In this novel, I feel Bukowski's sense of dereliction of duty but from a sensitive soul who is otherwise intelligent. The constant references to Debussy and Mahler indicate someone who is far more than the alcoholic bum Bukowski portrays in this novel.

Yet it is believable (I am cutting out my adverbs as I write - Bukowski reminds me of a combination of Hemingway and Fitzgerald, hence my hesitation to add "entirely" - he's either believable or he isn't). The protagonist moves from job to job, surrounded by others who share his sense of despair at the world - a world they are part of yet cannot belong to without giving up their sense of identity.

I identify with Bukowski for this reason. Not so much the "beer-sodden" bum who wanders about aimlessly. But the soul who cannot ever belong but is stuck in present company that somehow can turn off their own bullshit meter sufficiently (damn those adverbs!) to carve out an existence of what is essentially living for somebody else.

I find Bukowski's characters admirable because they give up hope without giving up their freedom. Although Henry Chinaski is made to feel as if he doesn't belong because he is excluded from the World War II draft, he still lives as the intelligent loner who doesn't fit in but is stuck anyway.

But the struggle is admirable. Struggle is what we were put on this earth to do. We either struggle against what we do not want, or we struggle for a better life. Henry Chinaski is a drunken no-hoper bum but he gives me hope - hope that I can live as I choose and not how others choose for me. And that is why I enjoy Bukowski's work. ( )
  madepercy | Jan 30, 2021 |
Showing 1-5 of 33 (next | show all)
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Epigraph
The novelist does not long to see the lion eat grass. He realizes that one and the same God created the wolf and the lamb, then smiled, “seeing that his work was good.”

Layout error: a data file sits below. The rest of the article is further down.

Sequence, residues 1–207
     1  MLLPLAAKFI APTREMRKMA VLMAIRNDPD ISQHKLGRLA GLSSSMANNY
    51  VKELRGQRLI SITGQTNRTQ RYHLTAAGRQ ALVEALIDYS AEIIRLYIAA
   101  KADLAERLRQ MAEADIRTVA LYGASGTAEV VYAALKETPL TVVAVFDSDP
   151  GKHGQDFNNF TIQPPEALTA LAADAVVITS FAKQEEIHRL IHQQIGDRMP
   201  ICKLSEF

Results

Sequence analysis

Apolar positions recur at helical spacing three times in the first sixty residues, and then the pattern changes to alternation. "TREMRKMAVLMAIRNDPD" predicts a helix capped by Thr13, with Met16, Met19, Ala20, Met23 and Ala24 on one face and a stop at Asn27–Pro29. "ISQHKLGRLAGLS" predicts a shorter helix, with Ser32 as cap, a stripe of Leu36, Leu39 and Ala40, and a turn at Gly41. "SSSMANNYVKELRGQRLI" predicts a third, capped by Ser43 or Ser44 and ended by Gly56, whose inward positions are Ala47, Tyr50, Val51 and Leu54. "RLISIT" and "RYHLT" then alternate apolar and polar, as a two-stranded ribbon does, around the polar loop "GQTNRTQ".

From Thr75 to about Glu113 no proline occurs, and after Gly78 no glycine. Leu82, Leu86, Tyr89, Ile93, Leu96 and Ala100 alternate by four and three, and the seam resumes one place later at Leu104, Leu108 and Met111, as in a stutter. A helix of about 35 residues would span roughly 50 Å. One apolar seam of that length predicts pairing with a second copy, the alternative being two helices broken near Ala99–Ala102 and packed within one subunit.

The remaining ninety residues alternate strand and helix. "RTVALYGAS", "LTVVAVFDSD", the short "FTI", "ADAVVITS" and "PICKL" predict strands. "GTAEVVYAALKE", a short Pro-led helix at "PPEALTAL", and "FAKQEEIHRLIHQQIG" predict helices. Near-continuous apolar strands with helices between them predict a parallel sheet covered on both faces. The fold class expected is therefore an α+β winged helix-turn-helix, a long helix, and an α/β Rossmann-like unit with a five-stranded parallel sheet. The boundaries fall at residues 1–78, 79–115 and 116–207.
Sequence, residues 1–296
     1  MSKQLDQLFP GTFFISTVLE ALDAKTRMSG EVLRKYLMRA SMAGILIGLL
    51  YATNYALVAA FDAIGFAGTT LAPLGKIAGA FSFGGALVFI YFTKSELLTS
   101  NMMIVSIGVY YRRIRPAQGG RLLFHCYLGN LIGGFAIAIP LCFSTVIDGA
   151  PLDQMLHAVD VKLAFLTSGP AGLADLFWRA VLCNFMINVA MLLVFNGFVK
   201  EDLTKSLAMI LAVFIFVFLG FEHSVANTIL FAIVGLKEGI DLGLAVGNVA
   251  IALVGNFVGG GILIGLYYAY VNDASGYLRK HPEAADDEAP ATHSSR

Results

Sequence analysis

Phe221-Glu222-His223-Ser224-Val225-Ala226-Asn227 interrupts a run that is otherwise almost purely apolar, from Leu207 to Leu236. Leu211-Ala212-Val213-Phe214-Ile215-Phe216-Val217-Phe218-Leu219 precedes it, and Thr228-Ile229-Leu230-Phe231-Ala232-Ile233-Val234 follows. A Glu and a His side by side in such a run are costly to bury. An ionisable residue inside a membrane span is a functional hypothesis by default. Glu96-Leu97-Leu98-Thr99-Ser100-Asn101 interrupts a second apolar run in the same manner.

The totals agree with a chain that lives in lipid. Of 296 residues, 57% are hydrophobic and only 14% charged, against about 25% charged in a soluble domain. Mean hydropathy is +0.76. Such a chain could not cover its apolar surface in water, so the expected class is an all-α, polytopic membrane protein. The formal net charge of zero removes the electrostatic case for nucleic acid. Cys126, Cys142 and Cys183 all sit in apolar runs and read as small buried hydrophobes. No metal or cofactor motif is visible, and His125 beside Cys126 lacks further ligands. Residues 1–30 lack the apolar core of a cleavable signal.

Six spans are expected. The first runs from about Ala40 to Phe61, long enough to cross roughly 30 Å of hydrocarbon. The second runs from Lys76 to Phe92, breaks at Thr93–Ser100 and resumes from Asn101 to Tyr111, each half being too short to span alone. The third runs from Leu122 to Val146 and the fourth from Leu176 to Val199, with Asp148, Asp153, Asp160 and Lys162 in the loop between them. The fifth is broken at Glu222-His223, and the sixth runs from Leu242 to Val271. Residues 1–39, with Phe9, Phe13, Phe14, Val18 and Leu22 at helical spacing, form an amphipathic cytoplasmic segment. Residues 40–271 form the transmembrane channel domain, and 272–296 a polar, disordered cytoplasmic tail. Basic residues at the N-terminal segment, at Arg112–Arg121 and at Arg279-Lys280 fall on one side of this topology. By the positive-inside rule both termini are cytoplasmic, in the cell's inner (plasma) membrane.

—Andre Gide
Dedication
For John & Barbara Martin
First words
I arrived in New Orleans in the rain at 5 o'clock in the morning.
Quotations
"You haven't been busting your ass, Chinaski." I stared down at my shoes for some time. I didn't know what to say. Then I looked at him. "I've given you my time. It's all I've got to give - it's all any man has. And for a pitiful buck and a quarter an hour." "Remember you begged for this job. You said your job was your second home." "...my time so that you can live in your big house on the hill and have all the things that go with it. If anybody has lost anything on this deal, on this arrangement... I've been the loser. Do you understand?"
"A woman is a full-time job. You have to choose your profession."

"I suppose there is an emotional drain."

"Physical too. They want to fuck night and day."

"Get one you like to fuck." "Yes, but if you drink or gamble they think it's a put-down of their love."

"Get one who likes to drink, gamble and fuck."

"Who wants a woman like that?"
Sucking sounds filled the room as my radio played Mahler. I felt as if I were being eaten by a pitiless animal. My pecker rose, covered with spittle and blood. The sight of it threw her into a frenzy. I felt as if I was being eaten alive.

If I come, I thought desperately, I’ll never forgive myself.
It was true that I didn't have much ambition, but there ought to be a place for people without ambition, I mean a better place than the one usually reserved. How in the hell could a man enjoy being awakened at 8:30 a.m. by an alarm clock, leap out of bed, dress, force-feed, shit, piss, brush teeth and hair, and fight traffic to get to a place where essentially you made lots of money for somebody else and were asked to be grateful for the opportunity to do so?
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One of Charles Bukowski's best, this beer-soaked, deliciously degenerate novel follows the wanderings of aspiring writer Henry Chinaski across World War II-era America. Deferred from military service, Chinaski travels from city to city, moving listlessly from one odd job to another, always needing money but never badly enough to keep a job. His day-to-day existence spirals into an endless litany of pathetic whores, sordid rooms, dreary embraces, and drunken brawls, as he makes his bitter, brilliant way from one drink to the next. Charles Bukowski's posthumous legend continues to grow. Factotum is a masterfully vivid evocation of slow-paced, low-life urbanity and alcoholism, and an excellent introduction to the fictional world of Charles Bukowski.